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  1. #1
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    Default Past perfect tense/past tense

    Dear moderators,

    What are the differences between the two sentences below ?

    1. His leg was broken 2. His leg had broken

    Another question :

    How do I use the word " materials " and " material " ( singular ) . Many grammar books( written by American & British authors ) that I have referred to stated that " materials " could only be used for physical materials ,e.g. blood sample , paper ,etc . But the word " material" ( without "s" is only used for reading or academic materials.For example ,teaching material .

    The explanations given by the books that I read were very confusing because I came across many academic writings that used " materials " instead of " material " for academic writings .

    Perhaps, our experts overthere could englighten me on this word ( material). What is the ' safest' way of using material ?

  2. #2
    RonBee's Avatar
    RonBee is offline Moderator
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    Default Re: Past perfect tense/past tense

    Quote Originally Posted by Tarmizi
    Dear moderators,

    What are the differences between the two sentences below ?

    1. His leg was broken 2. His leg had broken
    The first sentence says to me that he had a broken leg. I'm not sure what context the second sentence would be used in. It would be more usual to say his leg had been broken.


    Quote Originally Posted by Tarmizi
    Another question :

    How do I use the word " materials " and " material " ( singular ) . Many grammar books( written by American & British authors ) that I have referred to stated that " materials " could only be used for physical materials ,e.g. blood sample , paper ,etc . But the word " material" ( without "s" is only used for reading or academic materials.For example ,teaching material .

    The explanations given by the books that I read were very confusing because I came across many academic writings that used " materials " instead of " material " for academic writings .

    Perhaps, our experts overthere could englighten me on this word ( material). What is the ' safest' way of using material ?
    The phrase reading material is certainly a common one. I'm not really familiar otherwise with many word combinations regarding the words material or materials; however, more important than what the grammar books say, perhaps, is how the words are actually used.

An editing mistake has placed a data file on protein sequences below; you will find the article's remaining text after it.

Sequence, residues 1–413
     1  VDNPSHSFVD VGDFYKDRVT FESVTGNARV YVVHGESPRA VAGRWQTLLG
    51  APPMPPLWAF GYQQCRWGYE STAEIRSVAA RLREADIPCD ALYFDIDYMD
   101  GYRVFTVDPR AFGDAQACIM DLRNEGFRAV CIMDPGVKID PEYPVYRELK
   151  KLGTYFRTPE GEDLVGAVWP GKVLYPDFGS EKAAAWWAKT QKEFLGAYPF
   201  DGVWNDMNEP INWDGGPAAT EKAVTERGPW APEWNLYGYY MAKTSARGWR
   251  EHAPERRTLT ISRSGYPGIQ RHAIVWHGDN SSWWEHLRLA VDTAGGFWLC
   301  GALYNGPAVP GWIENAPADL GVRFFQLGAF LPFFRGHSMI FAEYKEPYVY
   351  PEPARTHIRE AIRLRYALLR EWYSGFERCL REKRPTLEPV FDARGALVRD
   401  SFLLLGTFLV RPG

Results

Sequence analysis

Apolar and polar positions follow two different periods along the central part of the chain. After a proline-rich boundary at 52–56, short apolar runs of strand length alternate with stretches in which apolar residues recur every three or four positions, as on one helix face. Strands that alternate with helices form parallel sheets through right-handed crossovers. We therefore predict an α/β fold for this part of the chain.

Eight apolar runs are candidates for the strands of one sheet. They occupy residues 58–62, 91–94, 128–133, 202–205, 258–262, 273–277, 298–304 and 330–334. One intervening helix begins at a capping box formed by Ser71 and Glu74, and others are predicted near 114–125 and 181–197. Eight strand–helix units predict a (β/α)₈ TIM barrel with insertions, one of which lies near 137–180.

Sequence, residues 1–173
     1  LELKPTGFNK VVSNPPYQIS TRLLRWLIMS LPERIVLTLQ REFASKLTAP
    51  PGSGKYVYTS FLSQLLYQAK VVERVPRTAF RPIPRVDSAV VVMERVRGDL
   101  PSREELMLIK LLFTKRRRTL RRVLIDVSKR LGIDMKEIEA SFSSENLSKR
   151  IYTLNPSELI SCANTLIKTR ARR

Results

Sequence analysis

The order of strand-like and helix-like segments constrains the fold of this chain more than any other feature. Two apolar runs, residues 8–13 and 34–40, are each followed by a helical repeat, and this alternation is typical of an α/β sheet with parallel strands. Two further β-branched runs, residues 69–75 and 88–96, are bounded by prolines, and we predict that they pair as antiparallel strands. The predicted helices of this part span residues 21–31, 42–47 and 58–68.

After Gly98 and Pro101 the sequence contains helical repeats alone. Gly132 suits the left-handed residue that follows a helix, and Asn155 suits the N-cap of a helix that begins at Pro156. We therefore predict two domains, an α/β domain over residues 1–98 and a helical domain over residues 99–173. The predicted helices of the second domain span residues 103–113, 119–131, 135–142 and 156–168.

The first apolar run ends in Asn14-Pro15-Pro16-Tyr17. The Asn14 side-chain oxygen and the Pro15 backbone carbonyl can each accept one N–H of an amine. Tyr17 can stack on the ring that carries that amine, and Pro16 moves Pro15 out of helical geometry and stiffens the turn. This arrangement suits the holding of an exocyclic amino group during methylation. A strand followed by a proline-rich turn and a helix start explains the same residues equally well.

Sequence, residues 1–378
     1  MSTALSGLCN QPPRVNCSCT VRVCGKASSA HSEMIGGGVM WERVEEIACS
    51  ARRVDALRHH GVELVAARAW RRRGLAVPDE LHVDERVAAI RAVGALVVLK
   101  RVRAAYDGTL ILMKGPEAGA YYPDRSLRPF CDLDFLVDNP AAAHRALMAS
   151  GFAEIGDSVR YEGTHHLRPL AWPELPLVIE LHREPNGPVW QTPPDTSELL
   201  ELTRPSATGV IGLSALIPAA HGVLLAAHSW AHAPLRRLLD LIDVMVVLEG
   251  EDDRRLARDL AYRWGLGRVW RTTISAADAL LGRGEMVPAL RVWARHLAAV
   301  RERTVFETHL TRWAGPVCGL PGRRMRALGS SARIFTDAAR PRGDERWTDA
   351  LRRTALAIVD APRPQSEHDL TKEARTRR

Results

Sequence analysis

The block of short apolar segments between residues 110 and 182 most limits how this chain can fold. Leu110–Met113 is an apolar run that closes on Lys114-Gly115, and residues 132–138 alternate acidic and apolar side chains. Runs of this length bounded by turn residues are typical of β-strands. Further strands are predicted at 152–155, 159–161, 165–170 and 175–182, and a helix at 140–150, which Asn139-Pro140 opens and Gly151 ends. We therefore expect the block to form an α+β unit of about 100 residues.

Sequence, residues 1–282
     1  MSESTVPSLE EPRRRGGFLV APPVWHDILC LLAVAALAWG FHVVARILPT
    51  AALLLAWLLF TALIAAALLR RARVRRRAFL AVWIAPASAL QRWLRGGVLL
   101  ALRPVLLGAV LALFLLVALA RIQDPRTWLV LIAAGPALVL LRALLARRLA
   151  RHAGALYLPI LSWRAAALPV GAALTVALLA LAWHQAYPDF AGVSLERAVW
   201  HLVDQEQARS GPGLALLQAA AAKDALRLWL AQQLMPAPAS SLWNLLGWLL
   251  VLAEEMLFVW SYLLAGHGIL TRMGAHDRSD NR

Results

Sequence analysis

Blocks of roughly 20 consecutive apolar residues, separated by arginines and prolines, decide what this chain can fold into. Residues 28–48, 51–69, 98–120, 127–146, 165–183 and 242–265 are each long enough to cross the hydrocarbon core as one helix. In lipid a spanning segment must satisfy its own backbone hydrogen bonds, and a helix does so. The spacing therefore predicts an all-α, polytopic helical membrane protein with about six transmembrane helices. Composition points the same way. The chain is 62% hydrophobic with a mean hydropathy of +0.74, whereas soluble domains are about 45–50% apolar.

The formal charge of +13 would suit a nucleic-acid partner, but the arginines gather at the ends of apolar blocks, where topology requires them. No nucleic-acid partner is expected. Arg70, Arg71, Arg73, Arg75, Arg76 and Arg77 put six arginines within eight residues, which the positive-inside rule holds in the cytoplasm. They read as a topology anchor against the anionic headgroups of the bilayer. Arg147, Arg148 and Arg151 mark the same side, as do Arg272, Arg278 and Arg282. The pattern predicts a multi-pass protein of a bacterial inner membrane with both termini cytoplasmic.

Perhaps others will have something to contribute.

    :)

  3. #3
    Tdol is offline Editor, UsingEnglish.com
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    Default

    2 could be a mistake:

    'He had his leg broken' is an idiomatic use of the causative, often used for accidents, etc.

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    Default Re: Past perfect tense/past tense

    Quote Originally Posted by Tarmizi
    Dear moderators,

    What are the differences between the two sentences below ?

    1. His leg was broken 2. His leg had broken

    Another question :

    How do I use the word " materials " and " material " ( singular ) . Many grammar books( written by American & British authors ) that I have referred to stated that " materials " could only be used for physical materials ,e.g. blood sample , paper ,etc . But the word " material" ( without "s" is only used for reading or academic materials.For example ,teaching material .

    The explanations given by the books that I read were very confusing because I came across many academic writings that used " materials " instead of " material " for academic writings .

    Perhaps, our experts overthere could englighten me on this word ( material). What is the ' safest' way of using material ?
    hi Tarmizi,

    To my best knowledge, "material" can be used for both meanings mentioned above. There is no difference between them, unless it might have been misprinted.
    Therefore I want to suggest to have a look at dictionaries.

    regards,
    Henry

  5. #5
    Tdol is offline Editor, UsingEnglish.com
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    'Teaching materials' is common enough in BE.

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    Default

    Quote Originally Posted by tdol
    'Teaching materials' is common enough in BE.
    In AE too, I'm sure.

    :)

  7. #7
    MikeNewYork's Avatar